Client: Nestle, Mars, Heinz and Unilever
PR Team: GPlus Europe
Campaign: 'Let us eat lumpy sauces'
Timescale: Mid-December 2001- ongoing
An arcane piece of EU legislation would have us believe that what most
would consider a sauce is actually a vegetable. For years, the sauce
industry has been attempting to expose an EU rule declaring that 'a
preparation of vegetables, fruit or other edible plants' cannot be
called a sauce if more than 20 per cent comprises lumps.
The EU's Customs Committee distinguishes between the two by passing the
'sauce' through a sieve, rinsing the remaining lumps in heated water,
then measuring the percentage of the product that has passed
Tariffs of up to 288 per cent are imposed on 'lumpy sauces', whereas
those with less than 20 per cent 'lumps' receive 20 per cent
The World Customs Organisation previously ruled that the lump system was
discriminatory and should be dropped. But sanctions cannot be imposed on
To postpone the Customs Committee's decision (10 January) to introduce a
final (unsatisfactory) offer to raise the lump threshold to 30 per cent,
allowing the food industry to voice its opinions. The delay would allow
the parties time to engage in talks.
Strategy and Plan
GPlus believed the issue needed a publicity boost. However, it wanted
the media to avoid covering the story as a further example of
The story was broken to The Economist, which was likely to add gravitas.
The article was published on 4 January and was circulated to key players
in the Commission, and elsewhere. The US Government was also
Officials increasingly became aware of the issue. GPlus associate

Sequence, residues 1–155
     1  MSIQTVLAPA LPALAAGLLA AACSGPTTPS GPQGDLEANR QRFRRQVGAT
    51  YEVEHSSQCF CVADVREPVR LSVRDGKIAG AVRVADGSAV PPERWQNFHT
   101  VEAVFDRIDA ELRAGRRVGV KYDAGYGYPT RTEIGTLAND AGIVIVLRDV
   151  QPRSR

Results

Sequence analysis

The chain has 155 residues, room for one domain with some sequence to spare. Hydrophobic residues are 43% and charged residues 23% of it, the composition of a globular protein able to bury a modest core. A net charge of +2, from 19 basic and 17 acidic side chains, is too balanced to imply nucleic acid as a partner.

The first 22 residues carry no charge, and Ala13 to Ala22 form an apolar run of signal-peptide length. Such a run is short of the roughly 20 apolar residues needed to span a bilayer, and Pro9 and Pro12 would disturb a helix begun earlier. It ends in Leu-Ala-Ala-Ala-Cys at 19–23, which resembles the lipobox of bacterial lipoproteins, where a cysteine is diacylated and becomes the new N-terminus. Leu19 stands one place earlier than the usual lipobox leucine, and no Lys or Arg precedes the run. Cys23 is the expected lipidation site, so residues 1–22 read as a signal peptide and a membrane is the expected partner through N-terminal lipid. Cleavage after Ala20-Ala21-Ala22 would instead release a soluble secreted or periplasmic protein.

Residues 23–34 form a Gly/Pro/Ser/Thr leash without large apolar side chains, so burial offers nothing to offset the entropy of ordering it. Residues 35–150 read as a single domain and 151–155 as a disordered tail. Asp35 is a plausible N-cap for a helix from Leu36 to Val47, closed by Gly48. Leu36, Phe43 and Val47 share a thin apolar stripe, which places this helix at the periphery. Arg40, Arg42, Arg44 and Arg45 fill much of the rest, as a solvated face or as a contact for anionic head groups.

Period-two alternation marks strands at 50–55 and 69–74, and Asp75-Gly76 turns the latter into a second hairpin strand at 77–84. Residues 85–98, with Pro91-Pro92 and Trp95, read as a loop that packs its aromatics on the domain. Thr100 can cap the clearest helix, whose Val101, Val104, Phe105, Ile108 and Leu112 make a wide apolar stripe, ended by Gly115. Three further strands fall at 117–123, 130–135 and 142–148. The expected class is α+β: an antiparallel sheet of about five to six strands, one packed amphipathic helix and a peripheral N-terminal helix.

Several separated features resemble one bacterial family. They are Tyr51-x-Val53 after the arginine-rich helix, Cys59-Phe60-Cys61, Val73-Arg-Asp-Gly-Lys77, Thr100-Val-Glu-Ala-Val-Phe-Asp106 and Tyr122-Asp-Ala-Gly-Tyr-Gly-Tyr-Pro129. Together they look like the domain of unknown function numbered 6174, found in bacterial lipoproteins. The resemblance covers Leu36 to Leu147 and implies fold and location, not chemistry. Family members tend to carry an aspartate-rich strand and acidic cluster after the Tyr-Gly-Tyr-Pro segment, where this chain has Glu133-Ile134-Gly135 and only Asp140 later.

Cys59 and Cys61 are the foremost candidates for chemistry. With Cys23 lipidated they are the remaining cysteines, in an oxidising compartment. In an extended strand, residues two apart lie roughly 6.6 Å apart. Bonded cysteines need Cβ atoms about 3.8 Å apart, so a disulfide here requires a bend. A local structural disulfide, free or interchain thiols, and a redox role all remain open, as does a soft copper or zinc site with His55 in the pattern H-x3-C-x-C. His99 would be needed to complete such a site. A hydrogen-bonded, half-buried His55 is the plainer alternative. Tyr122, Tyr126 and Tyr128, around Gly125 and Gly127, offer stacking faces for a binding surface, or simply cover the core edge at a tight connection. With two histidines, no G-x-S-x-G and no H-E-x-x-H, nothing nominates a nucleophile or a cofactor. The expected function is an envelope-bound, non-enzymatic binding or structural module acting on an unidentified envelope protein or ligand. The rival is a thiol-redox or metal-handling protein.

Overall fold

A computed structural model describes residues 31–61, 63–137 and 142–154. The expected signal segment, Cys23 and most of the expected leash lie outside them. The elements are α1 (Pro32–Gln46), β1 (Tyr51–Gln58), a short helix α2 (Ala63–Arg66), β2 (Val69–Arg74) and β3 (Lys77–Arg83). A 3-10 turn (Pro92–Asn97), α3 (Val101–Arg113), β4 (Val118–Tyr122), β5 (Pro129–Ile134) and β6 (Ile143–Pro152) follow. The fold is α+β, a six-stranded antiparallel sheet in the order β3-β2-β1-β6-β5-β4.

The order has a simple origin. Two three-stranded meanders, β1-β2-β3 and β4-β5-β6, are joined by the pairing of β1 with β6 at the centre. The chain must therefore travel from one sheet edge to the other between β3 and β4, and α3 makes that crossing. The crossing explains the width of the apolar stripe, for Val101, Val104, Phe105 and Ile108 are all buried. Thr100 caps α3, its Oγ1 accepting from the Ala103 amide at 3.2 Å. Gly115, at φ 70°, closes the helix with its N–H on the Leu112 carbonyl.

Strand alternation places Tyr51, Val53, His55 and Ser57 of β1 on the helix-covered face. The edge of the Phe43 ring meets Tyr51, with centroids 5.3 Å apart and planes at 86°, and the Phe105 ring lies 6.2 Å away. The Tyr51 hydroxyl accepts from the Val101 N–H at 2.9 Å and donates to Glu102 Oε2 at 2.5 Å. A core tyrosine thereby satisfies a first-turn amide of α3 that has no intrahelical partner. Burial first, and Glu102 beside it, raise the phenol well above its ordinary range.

Philippe Lemaitre briefed the director-general for customs and the
agency maintained its dialogue with him, arguing the case for delaying
the Committee's decision.
Two days before the meeting, the story was fed to the Press Association.
It ran at 4.30am on 8 January and was picked up by UK and international
The British Foreign Office briefed journalists about developments and
government officials in key member states were also briefed prior to the
Measurement and Evaluation
Media coverage was extensive. The UK press embraced the story as
illustrative of the EU's obsession with fatuous legislation. The
ludicrous nature of applying arbitrary bureaucratic standards to the
definition of a 'sauce' was highlighted.
On the day of the meeting the Commission fought back on the basis of a
minor error in a Times editorial. The EU's counter-statement was
dismissed as erroneous.
The decision to introduce a final offer on 10 January was postponed. The
media latched onto the story as another example of EU meddling. Despite
the media's pun-rich treatment, the issue avoided trivialisation.
GPlus is maintaining its campaign until the Committee reconvenes in